These strands will be brought together in a consideration of the sustainability of language policies and language management at various policy levels. I will look at possibilities for accommodating change and growth, in language and in human resources. I will include discussion of whether an overall vision and/or strategy is a requirement for sustainability. These notions will also be related to Fishman’s concept of “ideological clarification”.

Policy Incommensurability: Assimilation and monolingualism in contemporary diversity in the UK

Ethnolinguistic diversity is now regarded as a permanent feature of society. Social integration is recognised as a society goal and ethnic diversity is celebrated in policy rhetoric. On the ground, however, there is a strong tendency for government policies to continue to treat monolingualism in English and (putative) monolithic Britishness as the unmarked norms in civil society.

In this talk I will explore the impact of this view on aspects of schooling education and migration policies. More specifically I will focus on (a) the curriculum provision for English as an Additional Language (EAL) in schools, and (b) the English language requirements for new citizens. I will support my arguments firstly by providing a brief genealogy of education policy trajectories regarding linguistic diversity over the past 50 years, and secondly by an analysis of the language model underlying the current English language requirements for new citizens.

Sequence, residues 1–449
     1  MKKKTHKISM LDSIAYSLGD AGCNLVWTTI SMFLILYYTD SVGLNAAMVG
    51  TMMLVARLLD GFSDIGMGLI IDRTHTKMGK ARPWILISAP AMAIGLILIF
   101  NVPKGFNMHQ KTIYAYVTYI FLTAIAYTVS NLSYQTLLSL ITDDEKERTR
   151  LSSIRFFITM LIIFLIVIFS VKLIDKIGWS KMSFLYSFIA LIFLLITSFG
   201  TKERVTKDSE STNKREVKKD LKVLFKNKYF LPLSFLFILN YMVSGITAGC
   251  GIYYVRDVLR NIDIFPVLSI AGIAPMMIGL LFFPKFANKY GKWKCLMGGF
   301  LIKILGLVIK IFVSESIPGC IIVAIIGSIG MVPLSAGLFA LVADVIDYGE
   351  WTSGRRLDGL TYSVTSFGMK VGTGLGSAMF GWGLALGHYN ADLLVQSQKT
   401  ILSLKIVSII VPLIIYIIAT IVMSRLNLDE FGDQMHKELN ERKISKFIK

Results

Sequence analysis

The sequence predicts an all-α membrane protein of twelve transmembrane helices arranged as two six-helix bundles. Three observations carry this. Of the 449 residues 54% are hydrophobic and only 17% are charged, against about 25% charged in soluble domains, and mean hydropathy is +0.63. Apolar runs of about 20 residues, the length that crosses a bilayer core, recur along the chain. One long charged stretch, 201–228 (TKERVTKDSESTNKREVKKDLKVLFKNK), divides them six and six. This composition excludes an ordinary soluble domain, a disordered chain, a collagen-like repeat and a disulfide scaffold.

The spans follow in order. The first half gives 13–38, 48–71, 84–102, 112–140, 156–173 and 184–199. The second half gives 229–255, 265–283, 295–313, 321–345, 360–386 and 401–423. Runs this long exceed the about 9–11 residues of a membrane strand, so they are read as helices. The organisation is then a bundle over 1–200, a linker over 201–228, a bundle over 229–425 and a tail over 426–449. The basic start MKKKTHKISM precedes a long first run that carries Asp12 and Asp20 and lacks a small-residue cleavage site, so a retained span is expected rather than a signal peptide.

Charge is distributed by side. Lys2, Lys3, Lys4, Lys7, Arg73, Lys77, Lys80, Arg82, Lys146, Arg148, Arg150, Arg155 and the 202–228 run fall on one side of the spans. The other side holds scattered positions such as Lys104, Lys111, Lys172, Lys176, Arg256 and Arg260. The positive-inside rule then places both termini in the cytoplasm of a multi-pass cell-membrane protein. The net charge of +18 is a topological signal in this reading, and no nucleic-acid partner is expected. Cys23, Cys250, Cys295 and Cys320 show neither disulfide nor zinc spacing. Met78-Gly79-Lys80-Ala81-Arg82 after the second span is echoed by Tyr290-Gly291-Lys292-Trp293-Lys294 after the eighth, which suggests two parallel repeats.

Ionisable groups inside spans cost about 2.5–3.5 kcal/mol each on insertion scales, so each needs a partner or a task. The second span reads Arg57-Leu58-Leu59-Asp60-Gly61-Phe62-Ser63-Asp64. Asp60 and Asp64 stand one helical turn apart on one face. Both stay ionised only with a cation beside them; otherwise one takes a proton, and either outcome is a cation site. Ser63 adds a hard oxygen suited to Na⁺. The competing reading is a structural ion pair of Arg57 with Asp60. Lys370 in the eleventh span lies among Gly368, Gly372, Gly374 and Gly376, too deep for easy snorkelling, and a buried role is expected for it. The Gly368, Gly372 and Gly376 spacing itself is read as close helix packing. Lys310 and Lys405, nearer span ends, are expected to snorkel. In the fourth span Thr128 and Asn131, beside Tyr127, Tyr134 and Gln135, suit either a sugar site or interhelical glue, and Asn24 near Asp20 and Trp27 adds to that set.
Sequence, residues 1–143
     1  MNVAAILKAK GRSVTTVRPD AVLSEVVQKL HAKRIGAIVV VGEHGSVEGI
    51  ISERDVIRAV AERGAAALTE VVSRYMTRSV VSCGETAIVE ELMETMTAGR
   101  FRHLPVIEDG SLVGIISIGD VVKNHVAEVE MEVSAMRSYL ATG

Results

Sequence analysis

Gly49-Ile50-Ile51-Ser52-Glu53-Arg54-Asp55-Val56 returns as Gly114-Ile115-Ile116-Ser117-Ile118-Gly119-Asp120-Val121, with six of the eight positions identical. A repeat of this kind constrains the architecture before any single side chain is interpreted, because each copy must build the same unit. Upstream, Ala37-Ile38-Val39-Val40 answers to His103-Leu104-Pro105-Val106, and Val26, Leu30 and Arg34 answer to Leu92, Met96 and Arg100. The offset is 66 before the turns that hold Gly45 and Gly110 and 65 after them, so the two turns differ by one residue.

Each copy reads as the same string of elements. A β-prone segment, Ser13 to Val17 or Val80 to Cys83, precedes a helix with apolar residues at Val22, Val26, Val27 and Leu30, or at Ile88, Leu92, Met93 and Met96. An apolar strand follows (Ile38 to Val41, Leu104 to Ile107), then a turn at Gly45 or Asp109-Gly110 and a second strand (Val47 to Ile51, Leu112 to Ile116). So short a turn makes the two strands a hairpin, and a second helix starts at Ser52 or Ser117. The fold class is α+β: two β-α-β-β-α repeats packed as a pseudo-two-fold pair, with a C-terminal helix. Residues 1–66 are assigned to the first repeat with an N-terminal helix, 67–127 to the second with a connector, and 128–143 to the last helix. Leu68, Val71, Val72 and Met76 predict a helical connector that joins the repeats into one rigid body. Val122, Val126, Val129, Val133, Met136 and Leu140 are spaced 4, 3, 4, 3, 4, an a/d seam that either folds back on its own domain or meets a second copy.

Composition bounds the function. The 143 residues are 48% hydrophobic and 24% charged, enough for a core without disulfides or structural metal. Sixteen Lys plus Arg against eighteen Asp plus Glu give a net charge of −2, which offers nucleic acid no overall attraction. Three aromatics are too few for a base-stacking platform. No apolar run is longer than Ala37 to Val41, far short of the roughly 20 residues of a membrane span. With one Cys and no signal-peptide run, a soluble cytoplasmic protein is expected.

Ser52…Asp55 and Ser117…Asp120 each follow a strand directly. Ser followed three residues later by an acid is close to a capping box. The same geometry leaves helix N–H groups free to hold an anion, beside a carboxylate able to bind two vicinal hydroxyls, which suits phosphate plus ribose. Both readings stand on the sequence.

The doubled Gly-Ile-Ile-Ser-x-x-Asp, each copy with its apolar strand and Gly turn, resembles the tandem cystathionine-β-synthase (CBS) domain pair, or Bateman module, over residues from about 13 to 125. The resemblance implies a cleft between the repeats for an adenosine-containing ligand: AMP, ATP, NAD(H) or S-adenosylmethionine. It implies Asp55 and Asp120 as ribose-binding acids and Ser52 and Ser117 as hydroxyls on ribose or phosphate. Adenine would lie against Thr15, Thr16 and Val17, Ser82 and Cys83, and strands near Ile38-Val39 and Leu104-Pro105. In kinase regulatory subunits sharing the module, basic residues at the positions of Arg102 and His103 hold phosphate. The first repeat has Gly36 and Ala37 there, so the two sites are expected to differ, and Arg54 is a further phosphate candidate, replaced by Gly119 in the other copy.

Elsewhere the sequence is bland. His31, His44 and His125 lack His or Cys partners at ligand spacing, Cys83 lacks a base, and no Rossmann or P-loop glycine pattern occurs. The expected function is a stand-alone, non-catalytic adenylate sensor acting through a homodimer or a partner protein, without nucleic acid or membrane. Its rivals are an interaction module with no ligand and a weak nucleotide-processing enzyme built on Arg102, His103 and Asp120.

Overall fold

It will be shown that the current policies misrecognize the nature of contemporary diversities in society. This discussion will include policy texts and draw on studies in the fields of language education, language policy, language testing, linguistic anthropology, sociocultural theories, and the emerging discipline of raciolinguistics.

Advice panel on writing monographs

In last year's conference we scheduled a panel of journal editors to give advice for prospective authors. This year we're running a similar panel for early career researchers, on the subject of writing monographs. Four experienced monograph authors will give their top tips about the long and winding road of writing, submitting, editing, proofing, and everything in between!

Julia Sallabank, SOAS, University of London: Attitudes to Endangered Languages: Identities and Policies, Cambridge University Press, 2013

Joseph Gafaranga, University of Edinburgh: Bilingualism as Interactional Practices, Edinburgh University Press, 2018

Lisa McEntee-Atalianis, Birkbeck, University of London: Identity in Applied Linguistics Research, Bloomsbury, 2018

David Cassels Johnson, University of Iowa: Language Policy, Palgrave Macmillan, 2013